This primer is written for the non-scientific community in the Pacific and for those new to an understanding of what ‘ climate change’ is, and what it means for the people of the Pacific.
For newcomers to the science, it’s important to highlight that in order to understand climate change – on Planet Earth, in the Pacific region, anywhere in the world – you first need to know the distinction between ‘climate’ and ‘weather’.
The generally accepted distinction is based on time periods.
How the sun, rain, wind, temperature outside in the atmosphere behave daily and on any given week. It could be hot one day, raining the next, or windy and cold another day or all in the same day. Weather can change in a matter of hours or days, even in one season.
How it behaves over longer time periods. It refers to a region, city or country’s usual weather patterns during seasons and longer periods such as centuries and so forth. Earth’s climate is a calculation of all the world’s climates and refers to the average of all the world’s regional climates.
Refers to a change in the usual or average weather of a region or city or country. This could be a change in the average temperature or average rainfall in a given season or month. Simply put, climate change is also a change in Earth’s climate. For example it could mean a change in seasons producing hot weather during a winter season, that’s a change in that region’s usual climate. The timescales for climate change are much longer than weather conditions. And sometimes, you do not see the effects of it immediately.
The Relentless Rise of Carbon Dioxide
NASA explains the rise of carbon dioxide:
Ancient air bubbles trapped in ice enable us to step back in time and see what Earth’s atmosphere, and climate, were like in the distant past.
They tell us that levels of carbon dioxide (CO2) in the atmosphere are higher than they have been at any time in the past 400,000 years.
During ice ages, CO2 levels were around 200 parts per million (ppm), and during the warmer interglacial periods, they hovered around 280 ppm (see fluctuations in the graph).
In 2013, CO2 levels surpassed 400 ppm for the first time in recorded history.
This recent relentless rise in CO2 shows a remarkably constant relationship with fossil-fuel burning, and can be well accounted for based on the simple premise that about 60 percent of fossil-fuel emissions stay in the air.
Today, we stand on the threshold of a new geologic era, which some term the “Anthropocene”, one where the climate is very different to the one our ancestors knew.
If fossil-fuel burning continues at a business-as-usual rate, such that humanity exhausts the reserves over the next few centuries, CO2 will continue to rise to levels of order of 1500 ppm.
The atmosphere would then not return to pre-industrial levels even tens of thousands of years into the future.
This graph not only conveys the scientific measurements, but it also underscores the fact that humans have a great capacity to change the climate and planet.
Each year, four international science institutions compile temperature data from thousands of stations around the world and make independent judgments about whether the year was warmer or cooler than average.
“The official records vary slightly because of subtle differences in the way we analyze the data,” said Reto Ruedy, climate scientist at NASA’s Goddard Institute for Space Studies. “But they also agree extraordinarily well.”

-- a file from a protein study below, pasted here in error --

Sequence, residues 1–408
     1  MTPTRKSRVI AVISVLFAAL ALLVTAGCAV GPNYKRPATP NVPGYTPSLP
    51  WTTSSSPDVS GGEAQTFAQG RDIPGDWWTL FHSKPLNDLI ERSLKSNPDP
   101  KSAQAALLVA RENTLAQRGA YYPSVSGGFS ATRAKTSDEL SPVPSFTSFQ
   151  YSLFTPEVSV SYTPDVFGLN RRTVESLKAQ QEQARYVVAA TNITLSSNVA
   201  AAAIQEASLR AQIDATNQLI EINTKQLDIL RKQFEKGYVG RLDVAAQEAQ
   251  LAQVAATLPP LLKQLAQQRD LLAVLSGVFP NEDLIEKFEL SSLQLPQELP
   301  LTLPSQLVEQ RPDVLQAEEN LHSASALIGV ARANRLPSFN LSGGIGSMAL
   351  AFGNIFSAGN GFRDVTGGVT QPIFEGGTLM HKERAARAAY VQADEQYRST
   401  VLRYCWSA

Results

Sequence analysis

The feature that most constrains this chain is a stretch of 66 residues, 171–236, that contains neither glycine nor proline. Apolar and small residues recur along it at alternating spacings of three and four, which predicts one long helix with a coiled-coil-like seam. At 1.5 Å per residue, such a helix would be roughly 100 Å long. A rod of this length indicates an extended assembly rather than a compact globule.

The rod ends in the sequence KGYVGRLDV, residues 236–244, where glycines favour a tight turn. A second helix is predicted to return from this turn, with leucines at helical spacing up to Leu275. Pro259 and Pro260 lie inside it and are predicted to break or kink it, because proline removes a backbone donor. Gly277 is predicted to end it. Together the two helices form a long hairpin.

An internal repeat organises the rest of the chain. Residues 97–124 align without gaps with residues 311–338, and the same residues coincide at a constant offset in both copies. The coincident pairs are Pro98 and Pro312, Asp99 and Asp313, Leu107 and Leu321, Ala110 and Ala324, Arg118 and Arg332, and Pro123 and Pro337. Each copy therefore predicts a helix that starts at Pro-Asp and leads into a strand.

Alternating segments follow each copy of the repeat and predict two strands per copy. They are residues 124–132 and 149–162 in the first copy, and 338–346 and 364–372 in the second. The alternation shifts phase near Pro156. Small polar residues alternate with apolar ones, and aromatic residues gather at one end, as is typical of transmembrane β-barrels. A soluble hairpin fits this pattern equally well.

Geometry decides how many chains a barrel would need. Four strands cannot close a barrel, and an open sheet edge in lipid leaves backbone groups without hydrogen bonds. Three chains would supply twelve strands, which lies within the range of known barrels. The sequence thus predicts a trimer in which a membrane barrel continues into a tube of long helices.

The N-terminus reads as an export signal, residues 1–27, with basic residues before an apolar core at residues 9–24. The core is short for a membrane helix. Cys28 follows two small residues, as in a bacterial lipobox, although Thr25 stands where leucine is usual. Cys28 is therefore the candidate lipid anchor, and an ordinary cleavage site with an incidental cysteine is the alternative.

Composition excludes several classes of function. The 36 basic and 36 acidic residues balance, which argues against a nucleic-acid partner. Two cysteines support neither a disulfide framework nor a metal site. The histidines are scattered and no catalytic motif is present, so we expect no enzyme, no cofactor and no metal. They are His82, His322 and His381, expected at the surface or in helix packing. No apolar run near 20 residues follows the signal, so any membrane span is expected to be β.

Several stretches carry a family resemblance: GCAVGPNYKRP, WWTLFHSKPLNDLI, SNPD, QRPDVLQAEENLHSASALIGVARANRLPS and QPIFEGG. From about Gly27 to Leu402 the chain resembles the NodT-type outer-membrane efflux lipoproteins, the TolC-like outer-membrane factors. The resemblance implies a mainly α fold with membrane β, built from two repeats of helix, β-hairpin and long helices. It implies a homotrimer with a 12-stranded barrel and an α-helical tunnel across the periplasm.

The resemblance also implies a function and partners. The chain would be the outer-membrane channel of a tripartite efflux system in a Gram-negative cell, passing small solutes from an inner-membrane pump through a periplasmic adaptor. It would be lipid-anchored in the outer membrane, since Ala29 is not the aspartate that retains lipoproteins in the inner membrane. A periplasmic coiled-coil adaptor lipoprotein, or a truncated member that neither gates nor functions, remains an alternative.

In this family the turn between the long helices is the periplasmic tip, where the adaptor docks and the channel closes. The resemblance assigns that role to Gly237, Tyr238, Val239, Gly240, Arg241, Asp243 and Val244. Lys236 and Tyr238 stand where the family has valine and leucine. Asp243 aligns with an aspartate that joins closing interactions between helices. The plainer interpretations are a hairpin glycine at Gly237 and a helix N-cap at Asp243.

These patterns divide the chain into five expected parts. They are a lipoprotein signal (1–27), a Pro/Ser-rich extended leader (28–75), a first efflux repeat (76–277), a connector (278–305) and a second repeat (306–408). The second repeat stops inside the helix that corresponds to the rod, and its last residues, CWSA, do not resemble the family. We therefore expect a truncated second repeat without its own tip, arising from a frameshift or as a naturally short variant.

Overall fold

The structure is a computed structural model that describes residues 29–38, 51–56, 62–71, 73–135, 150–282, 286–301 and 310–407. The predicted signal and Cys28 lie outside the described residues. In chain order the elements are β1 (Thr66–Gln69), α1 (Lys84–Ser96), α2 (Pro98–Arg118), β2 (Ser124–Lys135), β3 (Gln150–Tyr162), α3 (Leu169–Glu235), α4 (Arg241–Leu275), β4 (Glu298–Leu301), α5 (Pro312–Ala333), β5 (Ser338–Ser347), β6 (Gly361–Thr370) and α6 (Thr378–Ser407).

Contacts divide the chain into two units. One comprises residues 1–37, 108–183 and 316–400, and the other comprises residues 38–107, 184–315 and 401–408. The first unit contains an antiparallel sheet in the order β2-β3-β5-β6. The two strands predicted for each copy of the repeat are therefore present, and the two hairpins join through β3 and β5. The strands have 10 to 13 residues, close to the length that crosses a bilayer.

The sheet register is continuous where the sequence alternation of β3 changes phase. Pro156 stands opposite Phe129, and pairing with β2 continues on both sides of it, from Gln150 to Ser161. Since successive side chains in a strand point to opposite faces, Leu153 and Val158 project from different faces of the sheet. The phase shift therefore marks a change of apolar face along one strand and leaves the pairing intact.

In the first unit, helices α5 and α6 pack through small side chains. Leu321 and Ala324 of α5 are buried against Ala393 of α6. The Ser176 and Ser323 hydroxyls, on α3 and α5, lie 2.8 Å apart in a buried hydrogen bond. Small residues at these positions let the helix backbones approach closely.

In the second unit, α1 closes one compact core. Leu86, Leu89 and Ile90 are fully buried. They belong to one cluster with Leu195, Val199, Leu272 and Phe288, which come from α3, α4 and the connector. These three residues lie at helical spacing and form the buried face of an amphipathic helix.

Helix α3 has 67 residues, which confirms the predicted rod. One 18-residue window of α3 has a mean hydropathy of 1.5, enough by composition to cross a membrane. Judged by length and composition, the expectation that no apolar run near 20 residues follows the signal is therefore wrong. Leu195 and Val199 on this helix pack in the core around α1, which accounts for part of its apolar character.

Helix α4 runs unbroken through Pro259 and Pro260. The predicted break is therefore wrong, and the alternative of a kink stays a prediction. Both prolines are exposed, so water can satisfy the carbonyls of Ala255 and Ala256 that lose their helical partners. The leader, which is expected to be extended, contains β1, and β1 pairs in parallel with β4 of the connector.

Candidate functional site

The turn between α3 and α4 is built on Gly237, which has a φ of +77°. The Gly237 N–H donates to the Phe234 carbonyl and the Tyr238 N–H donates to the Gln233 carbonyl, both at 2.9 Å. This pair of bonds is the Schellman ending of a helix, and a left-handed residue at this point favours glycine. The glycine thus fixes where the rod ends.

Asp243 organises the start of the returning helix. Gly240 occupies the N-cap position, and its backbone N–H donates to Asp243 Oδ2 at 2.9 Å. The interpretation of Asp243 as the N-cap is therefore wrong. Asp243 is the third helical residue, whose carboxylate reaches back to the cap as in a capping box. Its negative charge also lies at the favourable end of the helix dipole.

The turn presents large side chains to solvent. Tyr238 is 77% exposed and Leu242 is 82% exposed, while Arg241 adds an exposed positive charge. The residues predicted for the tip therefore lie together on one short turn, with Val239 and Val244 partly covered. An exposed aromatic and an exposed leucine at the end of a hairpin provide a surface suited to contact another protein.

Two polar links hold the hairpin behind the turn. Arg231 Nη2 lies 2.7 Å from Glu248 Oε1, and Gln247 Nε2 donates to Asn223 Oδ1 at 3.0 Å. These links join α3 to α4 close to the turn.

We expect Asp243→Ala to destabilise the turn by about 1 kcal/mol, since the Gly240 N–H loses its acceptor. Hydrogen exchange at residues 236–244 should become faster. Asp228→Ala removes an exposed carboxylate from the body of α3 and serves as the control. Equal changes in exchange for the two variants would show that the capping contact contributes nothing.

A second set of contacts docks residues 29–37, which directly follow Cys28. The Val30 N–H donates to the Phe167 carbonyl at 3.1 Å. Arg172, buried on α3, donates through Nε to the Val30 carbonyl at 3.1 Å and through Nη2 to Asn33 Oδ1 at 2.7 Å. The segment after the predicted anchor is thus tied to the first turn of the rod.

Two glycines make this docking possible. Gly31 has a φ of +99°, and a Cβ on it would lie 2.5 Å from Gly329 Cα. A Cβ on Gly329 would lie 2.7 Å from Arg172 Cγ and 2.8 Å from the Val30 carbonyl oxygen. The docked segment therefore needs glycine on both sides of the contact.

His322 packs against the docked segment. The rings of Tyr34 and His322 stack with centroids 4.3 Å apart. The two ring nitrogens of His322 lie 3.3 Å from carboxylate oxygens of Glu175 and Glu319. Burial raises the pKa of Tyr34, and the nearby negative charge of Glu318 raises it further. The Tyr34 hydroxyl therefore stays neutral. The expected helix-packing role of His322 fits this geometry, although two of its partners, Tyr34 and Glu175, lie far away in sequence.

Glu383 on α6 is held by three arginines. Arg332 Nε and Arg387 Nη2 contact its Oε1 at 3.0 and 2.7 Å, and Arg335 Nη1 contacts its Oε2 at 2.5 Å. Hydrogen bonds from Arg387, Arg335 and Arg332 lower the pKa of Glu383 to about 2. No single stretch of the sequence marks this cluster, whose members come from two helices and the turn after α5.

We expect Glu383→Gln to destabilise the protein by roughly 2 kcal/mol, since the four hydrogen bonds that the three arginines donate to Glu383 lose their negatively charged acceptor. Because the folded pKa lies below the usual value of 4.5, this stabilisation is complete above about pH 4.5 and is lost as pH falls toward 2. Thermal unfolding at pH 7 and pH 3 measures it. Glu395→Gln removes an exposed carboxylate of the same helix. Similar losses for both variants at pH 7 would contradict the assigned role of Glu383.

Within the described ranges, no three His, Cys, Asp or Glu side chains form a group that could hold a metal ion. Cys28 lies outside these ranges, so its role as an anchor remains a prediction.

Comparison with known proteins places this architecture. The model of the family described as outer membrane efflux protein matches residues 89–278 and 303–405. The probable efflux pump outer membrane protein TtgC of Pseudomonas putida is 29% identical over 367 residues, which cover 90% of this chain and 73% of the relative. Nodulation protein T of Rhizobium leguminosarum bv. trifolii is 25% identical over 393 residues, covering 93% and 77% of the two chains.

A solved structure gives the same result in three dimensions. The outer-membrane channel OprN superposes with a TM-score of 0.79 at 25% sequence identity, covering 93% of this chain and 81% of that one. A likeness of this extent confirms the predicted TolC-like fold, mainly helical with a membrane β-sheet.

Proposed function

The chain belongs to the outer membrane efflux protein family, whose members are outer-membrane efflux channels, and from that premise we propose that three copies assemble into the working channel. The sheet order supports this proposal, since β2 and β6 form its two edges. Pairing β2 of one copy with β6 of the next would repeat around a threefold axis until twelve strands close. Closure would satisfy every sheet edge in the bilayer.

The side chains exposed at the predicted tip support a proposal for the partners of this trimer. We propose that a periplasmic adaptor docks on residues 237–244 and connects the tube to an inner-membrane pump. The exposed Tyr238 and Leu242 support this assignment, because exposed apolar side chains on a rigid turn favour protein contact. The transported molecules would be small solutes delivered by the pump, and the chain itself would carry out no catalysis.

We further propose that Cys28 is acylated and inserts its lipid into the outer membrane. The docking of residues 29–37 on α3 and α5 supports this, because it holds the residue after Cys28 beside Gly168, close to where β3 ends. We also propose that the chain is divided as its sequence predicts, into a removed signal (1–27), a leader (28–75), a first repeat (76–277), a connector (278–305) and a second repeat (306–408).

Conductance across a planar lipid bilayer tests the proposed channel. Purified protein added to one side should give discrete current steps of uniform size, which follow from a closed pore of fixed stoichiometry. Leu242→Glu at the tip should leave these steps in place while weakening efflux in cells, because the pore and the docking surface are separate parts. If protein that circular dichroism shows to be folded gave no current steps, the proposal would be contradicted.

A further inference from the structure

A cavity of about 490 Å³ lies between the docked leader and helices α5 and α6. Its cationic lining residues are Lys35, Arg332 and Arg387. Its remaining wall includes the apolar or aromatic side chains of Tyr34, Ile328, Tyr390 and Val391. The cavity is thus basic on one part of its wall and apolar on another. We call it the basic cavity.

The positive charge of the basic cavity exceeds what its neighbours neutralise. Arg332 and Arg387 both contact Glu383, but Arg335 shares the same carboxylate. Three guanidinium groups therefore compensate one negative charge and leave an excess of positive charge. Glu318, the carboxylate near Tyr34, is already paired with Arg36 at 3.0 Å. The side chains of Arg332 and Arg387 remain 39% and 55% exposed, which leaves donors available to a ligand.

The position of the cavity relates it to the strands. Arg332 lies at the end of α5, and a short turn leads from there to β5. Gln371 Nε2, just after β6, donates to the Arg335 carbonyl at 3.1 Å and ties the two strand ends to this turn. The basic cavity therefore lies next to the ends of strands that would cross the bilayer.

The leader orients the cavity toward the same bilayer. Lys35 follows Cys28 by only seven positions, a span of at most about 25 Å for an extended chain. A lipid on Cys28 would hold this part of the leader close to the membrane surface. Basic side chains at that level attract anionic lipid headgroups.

All four records show peaks and valleys in sync with each other. All show rapid warming in the past few decades.
All show the last decade has been the warmest on record.
So how warm is Planet Earth?
Earth’s global surface temperatures in 2017 were the second warmest since modern recordkeeping began in 1880, according to an analysis by NASA.
Continuing the planet’s long-term warming trend, globally averaged temperatures in 2017 were 1.62 degrees Fahrenheit (0.90 degrees Celsius) warmer than the 1951 to 1980 mean, according to scientists at NASA’s Goddard Institute for Space Studies (GISS) in New York. That is second only to global temperatures in 2016. Last year was the third consecutive year in which temperatures were more than 1.8 degrees Fahrenheit (1 degree Celsius) above late nineteenth-century levels.
This video shows the data visually. Look at the top right hand side of the screen to see the time period.
NASA’s Scientific Visualization Studio. Data provided by Robert B. Schmunk (NASA/GSFC GISS).
NASA’s temperature analyses incorporate surface temperature measurements from 6,300 weather stations, ship- and buoy-based observations of sea surface temperatures, and temperature measurements from Antarctic research stations.
These raw measurements are analyzed using an algorithm that considers the varied spacing of temperature stations around the globe and urban heating effects that could skew the conclusions.
These calculations produce the global average temperature deviations from the baseline period of 1951 to 1980.
The full 2017 surface temperature data set and the complete methodology used to make the temperature calculation are available at http://data.giss.nasa.gov/gistemp/.
GISS is a laboratory within the Earth Sciences Division of NASA’s Goddard Space Flight Center in Greenbelt, Maryland. The laboratory is affiliated with Columbia University’s Earth Institute and School of Engineering and Applied Science in New York.
NASA uses the unique vantage point of space to better understand Earth as an interconnected system. The agency also uses airborne and ground-based monitoring, and develops new ways to observe and study Earth with long-term data records and computer analysis tools to better see how our planet is changing. NASA shares this knowledge with the global community and works with institutions in the United States and around the world that contribute to understanding and protecting our home planet.